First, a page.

Does the new Statement of the Holy See about McCarrick address the root problem? #sodoclericalism

A statement about McCarrick from the Holy See. HERE  My emphases.

Comunicato della Santa Sede, 06.10.2018

Traduzione in lingua inglese

After the publication of the accusations regarding the conduct of Archbishop Theodore Edgar McCarrick, the Holy Father Pope Francis, aware of and concerned by the confusion that these accusations are causing in the conscience of the faithful, has established that the following be communicated:

In September 2017, the Archdiocese of New York notified the Holy See that a man had accused former Cardinal McCarrick of having abused him in the 1970s. The Holy Father ordered a thorough preliminary investigation into this, which was carried out by the Archdiocese of New York, at the conclusion of which the relative documentation was forwarded to the Congregation for the Doctrine of the Faith. In the meantime, because grave indications emerged during the course of the investigation, the Holy Father accepted the resignation of Archbishop McCarrick from the College of Cardinals, prohibiting him by order from exercising public ministry, and obliging him to lead a life of prayer and penance.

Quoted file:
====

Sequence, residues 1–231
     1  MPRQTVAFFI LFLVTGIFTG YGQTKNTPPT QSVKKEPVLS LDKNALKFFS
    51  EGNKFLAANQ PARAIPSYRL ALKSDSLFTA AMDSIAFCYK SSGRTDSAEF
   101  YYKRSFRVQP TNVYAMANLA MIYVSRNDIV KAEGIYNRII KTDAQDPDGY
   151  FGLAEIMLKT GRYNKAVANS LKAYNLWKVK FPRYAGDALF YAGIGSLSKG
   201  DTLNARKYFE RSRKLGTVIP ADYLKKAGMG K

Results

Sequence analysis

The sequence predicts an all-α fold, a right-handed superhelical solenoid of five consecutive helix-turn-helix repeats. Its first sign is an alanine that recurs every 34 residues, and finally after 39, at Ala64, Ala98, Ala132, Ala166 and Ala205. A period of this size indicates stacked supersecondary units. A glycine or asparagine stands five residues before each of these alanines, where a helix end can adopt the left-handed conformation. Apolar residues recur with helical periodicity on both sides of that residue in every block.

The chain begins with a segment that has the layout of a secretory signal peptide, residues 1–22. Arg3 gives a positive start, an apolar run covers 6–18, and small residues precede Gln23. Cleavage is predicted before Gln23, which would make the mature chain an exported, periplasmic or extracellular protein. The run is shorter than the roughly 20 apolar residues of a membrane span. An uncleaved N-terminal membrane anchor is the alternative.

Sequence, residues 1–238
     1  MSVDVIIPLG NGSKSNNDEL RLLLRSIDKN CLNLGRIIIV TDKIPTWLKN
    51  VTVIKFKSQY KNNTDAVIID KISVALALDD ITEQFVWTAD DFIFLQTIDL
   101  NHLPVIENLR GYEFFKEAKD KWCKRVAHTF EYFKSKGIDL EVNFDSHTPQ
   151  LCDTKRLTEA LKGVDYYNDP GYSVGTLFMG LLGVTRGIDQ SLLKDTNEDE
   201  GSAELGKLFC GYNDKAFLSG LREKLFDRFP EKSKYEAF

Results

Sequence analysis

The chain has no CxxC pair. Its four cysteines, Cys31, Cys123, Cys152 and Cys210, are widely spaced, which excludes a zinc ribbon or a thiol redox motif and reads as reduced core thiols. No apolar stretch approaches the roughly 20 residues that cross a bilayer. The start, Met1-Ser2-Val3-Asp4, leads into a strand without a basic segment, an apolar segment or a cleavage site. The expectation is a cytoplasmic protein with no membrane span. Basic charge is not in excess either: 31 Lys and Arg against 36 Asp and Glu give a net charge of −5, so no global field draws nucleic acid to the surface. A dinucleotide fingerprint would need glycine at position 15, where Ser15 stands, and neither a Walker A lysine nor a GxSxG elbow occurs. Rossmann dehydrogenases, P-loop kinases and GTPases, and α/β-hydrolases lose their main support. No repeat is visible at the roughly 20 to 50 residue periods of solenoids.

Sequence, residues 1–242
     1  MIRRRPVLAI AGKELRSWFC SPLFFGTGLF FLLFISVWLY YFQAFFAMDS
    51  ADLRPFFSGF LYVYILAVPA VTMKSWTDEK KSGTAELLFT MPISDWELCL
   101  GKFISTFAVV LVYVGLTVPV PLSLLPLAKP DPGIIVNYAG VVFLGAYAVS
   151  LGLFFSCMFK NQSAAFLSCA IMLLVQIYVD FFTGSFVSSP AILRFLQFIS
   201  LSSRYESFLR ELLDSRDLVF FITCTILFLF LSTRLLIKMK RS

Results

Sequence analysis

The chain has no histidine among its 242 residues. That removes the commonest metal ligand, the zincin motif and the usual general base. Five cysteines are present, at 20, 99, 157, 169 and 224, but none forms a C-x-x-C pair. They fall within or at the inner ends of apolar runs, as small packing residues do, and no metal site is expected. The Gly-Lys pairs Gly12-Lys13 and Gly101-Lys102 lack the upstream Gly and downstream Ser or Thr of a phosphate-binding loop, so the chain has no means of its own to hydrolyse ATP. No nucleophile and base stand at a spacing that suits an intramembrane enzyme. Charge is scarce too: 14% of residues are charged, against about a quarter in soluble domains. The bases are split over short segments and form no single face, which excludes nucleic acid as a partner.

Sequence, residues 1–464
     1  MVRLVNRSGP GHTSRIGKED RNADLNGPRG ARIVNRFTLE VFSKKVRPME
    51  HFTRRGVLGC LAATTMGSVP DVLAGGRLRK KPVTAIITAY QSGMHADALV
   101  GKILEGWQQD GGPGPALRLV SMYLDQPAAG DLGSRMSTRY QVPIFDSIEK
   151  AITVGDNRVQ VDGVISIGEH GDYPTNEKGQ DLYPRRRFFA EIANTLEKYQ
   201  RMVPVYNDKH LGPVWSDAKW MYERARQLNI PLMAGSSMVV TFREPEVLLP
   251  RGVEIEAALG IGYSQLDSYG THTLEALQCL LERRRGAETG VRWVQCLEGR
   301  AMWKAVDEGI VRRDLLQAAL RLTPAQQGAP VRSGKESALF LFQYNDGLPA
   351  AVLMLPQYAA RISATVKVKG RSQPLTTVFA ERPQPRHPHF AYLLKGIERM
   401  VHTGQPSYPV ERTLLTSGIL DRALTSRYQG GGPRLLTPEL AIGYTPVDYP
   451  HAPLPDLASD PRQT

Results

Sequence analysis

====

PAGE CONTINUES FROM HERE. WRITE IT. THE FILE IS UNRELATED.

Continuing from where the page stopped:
The Holy See will, in due course, make known the conclusions of the matter regarding Archbishop McCarrick. Moreover, with reference to other accusations brought against Archbishop McCarrick, the Holy Father has decided that information gathered during the preliminary investigation be combined with a further thorough study of the entire documentation present in the Archives of the Dicasteries and Offices of the Holy See regarding the former Cardinal McCarrick, in order to ascertain all the relevant facts, to place them in their historical context and to evaluate them objectively.